If there was anyone in Dar who was concerned about us not getting bored, it was Godfrey. He made it his personal responsibility to show us places we might not have been able to access easily, and once there, he showed us around with indulgence and a pleasantly quiet enthusiasm. I loved the way he pronounced my name….Mu-neee-rahh. He has a penchant for white wine and Pringles πŸ™‚ If not for his willingness to drive us all the way to Mikumi (a scenic wildlife reserve), we might have been too insecure and a bit daunted by the newness of experience outside Dar es Salam. His son Bryan (yet another 5 yr old!) sang songs and Tanzanian beer jingles all the way and we were amused no end by him. He had a way of responding to questions by just raising his eyebrows with a certain expression in his eyes, and we were left to decipher what he meant πŸ˜€

Godfrey’s wife, Anna Maria turned out to be this really educated woman, holding double degrees in Chemistry and Wildlife Studies, teaching entrepreneurship for a government-based program. She schooled me on the correct method of preparing Ugali, a maize-based staple in local cuisine, and divulged that if it wasn’t for the fact that she had to work to supplement the family income, she would rather be home and spend more time with Bryan, and perhaps have more kids.

Our safari experience was the richer for the hours we spent riding around in the same car πŸ™‚

Godfrey, Anna and Bryan just before we left Mikumi.

How would I have had the courage to go to Mwenge, and Kepepeo, and Zanzibar, if not for Tina, the Ghanaian wife of Willem, Huz’s long-time colleague and friend…

the girl has joie de vivre! πŸ˜€

Without Tina’s moral support, I would have been a blithering idiot. Not to mention, completely unaware of the dire hair issues of African women! I can now recognize and tell the difference between real hair and extensions πŸ˜‰

There are 49 languages spoken in Ghana, and Tina doesn’t know Swahili. Yet, she was completely at home in Tanzania, charming the locals with her West African-ness and her rust-coloured extensions. With her, I was just an anonymous ‘muzungu’ (white person! me!! HAH!!). She occupied centre-stage in Tanzanian male attentions, causing random coconut sellers to declare their love and offer to marry her πŸ˜€

Dong with a platter of fruit at a special Tanzanian dinner at the New Africa hotel πŸ™‚

And this is Dong. I think this picture best captures the wackiness that is her πŸ™‚ She works for the UNIDO and lives in Vienna, where a single eggplant costs 1 euro and her mother is scandalized, since in China you can get at least a kilo for that much money. She loves her work (she plays a huge part in getting work for Huz too) and her tuna sashimi, and would like nothing better than to travel all over the world :). A self-professed nerd, but as much fun as a barrel of monkeys.:D Loved her company during our sumptuous breakfasts at the lovely Kilimanjaro Kempinski, where strange and amazing things happened, such as the elevator doors opening to reveal Kofi Annan waiting for the lift (he was in Dar es Salam for a conference on poverty alleviation!)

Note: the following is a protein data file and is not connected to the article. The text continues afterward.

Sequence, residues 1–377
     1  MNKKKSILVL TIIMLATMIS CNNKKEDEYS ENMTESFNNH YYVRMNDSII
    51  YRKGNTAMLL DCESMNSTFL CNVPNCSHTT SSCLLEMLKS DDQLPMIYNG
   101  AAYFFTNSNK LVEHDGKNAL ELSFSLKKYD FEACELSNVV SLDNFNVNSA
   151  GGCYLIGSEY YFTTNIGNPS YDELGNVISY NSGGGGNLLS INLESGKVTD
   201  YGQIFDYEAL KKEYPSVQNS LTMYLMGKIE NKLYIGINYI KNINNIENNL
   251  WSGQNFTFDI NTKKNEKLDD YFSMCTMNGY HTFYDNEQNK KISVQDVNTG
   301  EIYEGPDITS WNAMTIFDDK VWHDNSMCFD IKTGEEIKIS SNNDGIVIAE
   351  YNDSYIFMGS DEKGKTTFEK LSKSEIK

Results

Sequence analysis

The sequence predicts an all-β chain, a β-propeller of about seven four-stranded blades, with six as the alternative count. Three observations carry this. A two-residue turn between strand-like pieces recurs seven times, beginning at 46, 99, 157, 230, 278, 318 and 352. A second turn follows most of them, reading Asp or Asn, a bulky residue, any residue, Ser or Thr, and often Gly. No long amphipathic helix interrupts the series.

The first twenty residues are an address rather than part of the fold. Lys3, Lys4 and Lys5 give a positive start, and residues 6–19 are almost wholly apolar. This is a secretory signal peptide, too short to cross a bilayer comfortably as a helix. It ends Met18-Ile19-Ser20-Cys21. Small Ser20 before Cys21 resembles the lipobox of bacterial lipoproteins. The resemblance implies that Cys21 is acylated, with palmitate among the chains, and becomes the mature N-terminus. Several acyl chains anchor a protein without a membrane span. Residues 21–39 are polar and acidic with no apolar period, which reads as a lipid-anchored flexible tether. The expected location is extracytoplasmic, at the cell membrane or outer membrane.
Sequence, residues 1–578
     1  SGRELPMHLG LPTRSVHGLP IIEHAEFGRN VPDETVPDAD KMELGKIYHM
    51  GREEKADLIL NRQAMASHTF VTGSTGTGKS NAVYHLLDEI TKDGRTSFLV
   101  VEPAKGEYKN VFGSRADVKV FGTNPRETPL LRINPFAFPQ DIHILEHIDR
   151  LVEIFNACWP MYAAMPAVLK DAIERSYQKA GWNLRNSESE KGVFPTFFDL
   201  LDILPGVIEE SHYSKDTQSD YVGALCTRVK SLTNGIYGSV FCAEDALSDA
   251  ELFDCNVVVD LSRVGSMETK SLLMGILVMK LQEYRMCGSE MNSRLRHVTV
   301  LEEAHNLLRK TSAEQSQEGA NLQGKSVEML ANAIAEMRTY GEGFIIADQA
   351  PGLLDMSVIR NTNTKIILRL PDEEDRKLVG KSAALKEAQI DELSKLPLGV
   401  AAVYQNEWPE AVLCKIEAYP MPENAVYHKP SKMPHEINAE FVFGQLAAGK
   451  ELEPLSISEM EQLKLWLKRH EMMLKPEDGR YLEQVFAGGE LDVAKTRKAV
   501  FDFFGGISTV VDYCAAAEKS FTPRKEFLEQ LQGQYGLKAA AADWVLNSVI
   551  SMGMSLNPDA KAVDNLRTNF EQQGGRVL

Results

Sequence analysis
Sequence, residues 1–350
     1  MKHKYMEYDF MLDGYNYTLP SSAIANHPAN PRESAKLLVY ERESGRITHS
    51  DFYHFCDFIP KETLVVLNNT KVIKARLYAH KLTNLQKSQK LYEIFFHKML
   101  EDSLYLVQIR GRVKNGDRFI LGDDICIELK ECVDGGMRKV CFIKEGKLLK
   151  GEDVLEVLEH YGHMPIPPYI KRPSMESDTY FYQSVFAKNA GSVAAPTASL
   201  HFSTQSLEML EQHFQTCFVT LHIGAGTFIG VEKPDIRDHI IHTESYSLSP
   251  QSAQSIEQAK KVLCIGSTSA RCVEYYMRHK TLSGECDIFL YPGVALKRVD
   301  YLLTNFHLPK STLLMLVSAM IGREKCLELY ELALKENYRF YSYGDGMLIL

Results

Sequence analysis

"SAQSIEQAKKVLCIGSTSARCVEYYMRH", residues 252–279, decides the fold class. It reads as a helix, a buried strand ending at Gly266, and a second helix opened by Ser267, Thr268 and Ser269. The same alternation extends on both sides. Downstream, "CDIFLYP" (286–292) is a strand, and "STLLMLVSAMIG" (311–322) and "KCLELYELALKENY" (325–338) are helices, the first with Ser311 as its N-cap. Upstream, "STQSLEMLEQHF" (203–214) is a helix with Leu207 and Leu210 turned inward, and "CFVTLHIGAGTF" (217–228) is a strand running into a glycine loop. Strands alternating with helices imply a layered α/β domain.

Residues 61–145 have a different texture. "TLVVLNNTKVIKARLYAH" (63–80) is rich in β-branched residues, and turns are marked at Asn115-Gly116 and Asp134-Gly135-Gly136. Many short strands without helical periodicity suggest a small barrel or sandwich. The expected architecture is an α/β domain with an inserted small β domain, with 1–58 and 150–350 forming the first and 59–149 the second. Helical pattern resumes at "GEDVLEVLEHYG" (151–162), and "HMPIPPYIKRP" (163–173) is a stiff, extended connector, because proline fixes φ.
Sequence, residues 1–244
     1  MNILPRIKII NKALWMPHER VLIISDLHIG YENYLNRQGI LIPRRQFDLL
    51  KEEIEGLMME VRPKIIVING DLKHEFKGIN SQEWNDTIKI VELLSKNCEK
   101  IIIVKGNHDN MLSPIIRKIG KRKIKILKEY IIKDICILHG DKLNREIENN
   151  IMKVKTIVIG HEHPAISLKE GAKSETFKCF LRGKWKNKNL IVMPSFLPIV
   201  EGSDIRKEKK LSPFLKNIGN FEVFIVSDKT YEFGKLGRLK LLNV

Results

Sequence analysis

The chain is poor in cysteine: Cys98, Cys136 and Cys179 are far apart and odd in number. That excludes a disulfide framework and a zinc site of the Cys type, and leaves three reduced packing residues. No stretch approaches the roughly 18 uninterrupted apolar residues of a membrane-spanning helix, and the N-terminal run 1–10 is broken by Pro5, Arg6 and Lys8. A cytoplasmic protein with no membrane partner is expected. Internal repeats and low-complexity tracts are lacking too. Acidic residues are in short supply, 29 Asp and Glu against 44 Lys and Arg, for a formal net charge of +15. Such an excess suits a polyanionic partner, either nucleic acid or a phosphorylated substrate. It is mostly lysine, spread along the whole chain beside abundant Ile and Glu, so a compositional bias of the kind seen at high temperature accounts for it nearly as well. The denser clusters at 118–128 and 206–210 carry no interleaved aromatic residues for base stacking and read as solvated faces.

Yep, too many stories….I’m back with loads of inspiration. Albums have been duly facebooked, and now……to blog about it. πŸ™‚ More on people and places in coming posts!


  1. sherou says:

    loved reading this and can’t wait to read more…


    1. Good! Now read ‘The streets of Dar es Salam’ πŸ˜€


  2. Aziza says:

    Great insight as always Munira. I loved East Africa and like u was fascinated with the local people and culture.
    Thanks for sharing.


    1. Thank YOU! For stopping by and leaving me such a nice comment πŸ™‚


  3. Wow, it looks like you had a great time. Saw so many things and made so many friends. A great experience, eh? Looking forward to more stories !! πŸ™‚


  4. Yep! A wonderful experience in many ways, though of course there’s always room for more wonderful-ness πŸ™‚
    Next post….safari! πŸ˜€


  5. khadija says:

    Hi . i read some of ur posts and feel like i m falling in love with ur writing u r a great writer really enjoying ur writing


  6. Oh, what a fantastic trip and great way to describe it ! i love the way you write, Munira (how are we supposed to pronounce your name ? In French this would be “Muniraaa” πŸ˜‰ I have never been to Tanzania but lived in Rwanda for a while and there I was also the “muzungu”. This picture of you and little Hani is priceless, so much complicitΓ© between you two. Isn’t it wonderful to visit a country or any place with people/friends living there ? So different and enriching in many ways. Thanks again for bringing us along.


    1. Munira says:

      Thank you SO much Isa, for coming by and reading such an old post. Because of you I got to read it again too, and re-live my memories from that time πŸ™‚
      Muniraaa is indeed the correct pronunciation πŸ˜‰ And Hani and I were indeed thick as thieves!
      I’m glad we knew people in Tanzania, it would definitely not have been as much fun without them.